This lecture is one of an ongoing three-year series on Net Zero – you can watch the first three here.
In the lecture Professor Allen will discuss how the carbon cycle works, and why we need to aim for ‘geological net zero’.
Professor Allen will say: “An essential part of any durable net zero, any sustainably balanced global carbon cycle, is geological net zero: that is, a global balance between any further production of CO2 from geological sources, such as burning fossil fuels, and storage of CO2 in geological reservoirs, such as reinjecting it back underground. Unlike the complexities of the biosphere, geological net zero is very simple to define and monitor, because there are no natural flows of carbon into or out of our geosphere on any scale. So we need to get to geological net zero, and we need to do it by mid-century to have any chance of meeting the goals of the Paris Climate Agreement.”
“Unfortunately, until recently, not a single official document had acknowledged the eventual need for geological net zero, never mind committing any country, region or company to contribute towards it. And, meanwhile, ever more corporate net zero strategies emerge that seem to depend on turning rocks into trees. I’m delighted to say that has now changed, and in the highly influential – or, at least, I hope highly influential – Skidmore review of the UK’s Net Zero strategy, Chris Skidmore calls for the government to “recognise the importance of geological net zero and work to align international ambitions towards geo zero by 2050.” The (UK) government, I believe, is due to respond this month. Let’s see what they say.”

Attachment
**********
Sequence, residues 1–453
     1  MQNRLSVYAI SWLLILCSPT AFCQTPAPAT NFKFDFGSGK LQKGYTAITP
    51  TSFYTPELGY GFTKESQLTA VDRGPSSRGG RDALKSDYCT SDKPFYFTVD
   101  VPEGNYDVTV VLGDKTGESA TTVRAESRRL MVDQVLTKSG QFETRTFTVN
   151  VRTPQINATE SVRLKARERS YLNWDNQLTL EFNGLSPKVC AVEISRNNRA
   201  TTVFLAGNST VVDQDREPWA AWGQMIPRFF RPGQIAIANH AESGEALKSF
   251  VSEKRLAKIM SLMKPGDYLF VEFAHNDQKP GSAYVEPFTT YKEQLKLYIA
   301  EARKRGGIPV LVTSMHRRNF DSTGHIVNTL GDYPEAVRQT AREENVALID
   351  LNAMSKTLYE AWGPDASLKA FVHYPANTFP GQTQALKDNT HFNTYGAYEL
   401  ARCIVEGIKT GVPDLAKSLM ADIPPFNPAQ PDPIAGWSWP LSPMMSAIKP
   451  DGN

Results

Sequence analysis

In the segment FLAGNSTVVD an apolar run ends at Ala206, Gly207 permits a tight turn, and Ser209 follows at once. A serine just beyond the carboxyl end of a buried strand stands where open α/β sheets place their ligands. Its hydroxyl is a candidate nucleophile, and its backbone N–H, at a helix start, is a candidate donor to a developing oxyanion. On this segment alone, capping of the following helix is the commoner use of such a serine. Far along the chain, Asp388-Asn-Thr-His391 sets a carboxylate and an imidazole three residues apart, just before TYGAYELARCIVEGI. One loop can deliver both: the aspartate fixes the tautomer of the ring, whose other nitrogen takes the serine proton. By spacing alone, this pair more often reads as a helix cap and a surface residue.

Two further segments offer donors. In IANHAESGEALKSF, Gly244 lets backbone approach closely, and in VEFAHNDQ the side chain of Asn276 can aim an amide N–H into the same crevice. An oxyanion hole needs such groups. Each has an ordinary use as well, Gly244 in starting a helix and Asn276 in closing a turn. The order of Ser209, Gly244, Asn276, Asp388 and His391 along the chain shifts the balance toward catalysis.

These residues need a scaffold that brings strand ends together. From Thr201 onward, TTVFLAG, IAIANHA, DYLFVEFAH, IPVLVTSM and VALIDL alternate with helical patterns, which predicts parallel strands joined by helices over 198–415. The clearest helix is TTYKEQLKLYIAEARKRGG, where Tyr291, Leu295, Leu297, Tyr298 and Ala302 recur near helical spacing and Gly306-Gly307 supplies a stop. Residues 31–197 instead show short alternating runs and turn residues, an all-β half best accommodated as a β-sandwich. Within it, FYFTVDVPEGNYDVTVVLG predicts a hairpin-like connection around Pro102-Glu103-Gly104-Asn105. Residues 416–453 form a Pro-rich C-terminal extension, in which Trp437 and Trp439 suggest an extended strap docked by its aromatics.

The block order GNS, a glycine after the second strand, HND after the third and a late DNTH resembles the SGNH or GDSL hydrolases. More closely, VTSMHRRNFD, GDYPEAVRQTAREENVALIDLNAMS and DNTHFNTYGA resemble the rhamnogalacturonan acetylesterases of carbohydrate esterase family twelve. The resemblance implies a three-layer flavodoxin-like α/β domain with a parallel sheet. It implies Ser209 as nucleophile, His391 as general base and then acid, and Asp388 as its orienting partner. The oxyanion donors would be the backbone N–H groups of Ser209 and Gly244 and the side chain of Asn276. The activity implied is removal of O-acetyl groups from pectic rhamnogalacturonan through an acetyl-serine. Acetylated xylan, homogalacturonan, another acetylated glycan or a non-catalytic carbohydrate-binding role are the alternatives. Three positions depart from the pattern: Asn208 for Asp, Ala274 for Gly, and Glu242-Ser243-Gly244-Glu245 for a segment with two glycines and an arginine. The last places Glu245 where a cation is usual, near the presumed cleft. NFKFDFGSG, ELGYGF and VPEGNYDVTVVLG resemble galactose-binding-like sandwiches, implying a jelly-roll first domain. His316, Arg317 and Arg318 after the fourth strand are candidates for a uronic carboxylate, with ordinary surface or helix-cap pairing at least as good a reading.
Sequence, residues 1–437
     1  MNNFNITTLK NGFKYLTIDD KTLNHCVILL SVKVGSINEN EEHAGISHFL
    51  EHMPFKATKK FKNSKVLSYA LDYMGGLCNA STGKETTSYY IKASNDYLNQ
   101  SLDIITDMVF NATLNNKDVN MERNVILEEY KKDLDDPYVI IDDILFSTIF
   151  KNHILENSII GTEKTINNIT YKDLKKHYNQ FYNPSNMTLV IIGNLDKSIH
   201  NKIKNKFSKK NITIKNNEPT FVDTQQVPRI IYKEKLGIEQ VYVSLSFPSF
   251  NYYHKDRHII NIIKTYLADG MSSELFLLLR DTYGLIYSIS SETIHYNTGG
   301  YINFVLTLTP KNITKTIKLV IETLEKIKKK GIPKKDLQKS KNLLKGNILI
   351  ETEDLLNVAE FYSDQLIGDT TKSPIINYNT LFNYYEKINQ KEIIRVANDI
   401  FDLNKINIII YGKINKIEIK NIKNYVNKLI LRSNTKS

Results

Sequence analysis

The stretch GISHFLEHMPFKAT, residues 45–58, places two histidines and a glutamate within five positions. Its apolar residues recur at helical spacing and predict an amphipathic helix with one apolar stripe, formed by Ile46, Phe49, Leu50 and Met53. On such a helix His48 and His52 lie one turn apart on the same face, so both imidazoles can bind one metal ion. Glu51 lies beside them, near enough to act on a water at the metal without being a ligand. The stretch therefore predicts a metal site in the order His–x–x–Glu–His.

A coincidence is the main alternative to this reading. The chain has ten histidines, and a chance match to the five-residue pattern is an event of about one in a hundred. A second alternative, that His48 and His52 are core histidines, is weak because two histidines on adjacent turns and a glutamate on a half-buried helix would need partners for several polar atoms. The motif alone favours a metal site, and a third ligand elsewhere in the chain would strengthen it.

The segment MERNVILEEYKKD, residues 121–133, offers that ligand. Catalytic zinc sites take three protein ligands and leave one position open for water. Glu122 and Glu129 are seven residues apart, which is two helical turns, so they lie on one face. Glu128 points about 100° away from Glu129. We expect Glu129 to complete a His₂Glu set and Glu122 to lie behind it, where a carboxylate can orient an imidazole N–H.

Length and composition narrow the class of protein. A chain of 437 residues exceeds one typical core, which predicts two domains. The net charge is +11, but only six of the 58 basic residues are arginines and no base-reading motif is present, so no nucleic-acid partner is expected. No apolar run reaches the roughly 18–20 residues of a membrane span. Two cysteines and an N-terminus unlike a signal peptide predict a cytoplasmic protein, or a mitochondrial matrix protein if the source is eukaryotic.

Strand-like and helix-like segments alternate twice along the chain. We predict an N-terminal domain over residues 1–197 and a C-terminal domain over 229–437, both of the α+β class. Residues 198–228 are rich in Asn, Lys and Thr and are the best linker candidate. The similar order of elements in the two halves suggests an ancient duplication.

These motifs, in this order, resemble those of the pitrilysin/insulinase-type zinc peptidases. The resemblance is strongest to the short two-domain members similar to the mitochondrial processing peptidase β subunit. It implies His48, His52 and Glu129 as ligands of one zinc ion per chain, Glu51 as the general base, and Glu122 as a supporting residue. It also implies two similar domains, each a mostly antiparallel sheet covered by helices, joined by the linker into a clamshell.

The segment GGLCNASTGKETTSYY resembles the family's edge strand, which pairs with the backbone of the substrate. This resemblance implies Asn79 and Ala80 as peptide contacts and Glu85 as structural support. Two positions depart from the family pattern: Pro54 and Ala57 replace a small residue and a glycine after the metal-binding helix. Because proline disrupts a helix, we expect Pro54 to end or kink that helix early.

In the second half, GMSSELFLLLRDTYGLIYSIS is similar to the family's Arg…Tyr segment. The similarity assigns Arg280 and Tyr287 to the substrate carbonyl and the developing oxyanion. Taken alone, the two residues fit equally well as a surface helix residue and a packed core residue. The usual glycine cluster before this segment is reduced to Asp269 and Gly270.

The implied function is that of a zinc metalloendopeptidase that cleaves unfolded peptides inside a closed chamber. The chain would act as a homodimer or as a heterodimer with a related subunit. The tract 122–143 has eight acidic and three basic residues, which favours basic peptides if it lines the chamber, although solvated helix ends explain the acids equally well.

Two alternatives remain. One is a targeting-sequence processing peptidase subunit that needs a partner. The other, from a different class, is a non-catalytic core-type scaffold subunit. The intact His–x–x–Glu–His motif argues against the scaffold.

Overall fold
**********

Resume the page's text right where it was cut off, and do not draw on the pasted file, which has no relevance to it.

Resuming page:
Notes to Editors
You can sign up to watch the hybrid lecture online or in person; or email us for an embargoed transcript or speak to Professor Allen: firstname.lastname@example.org / 07799 738 439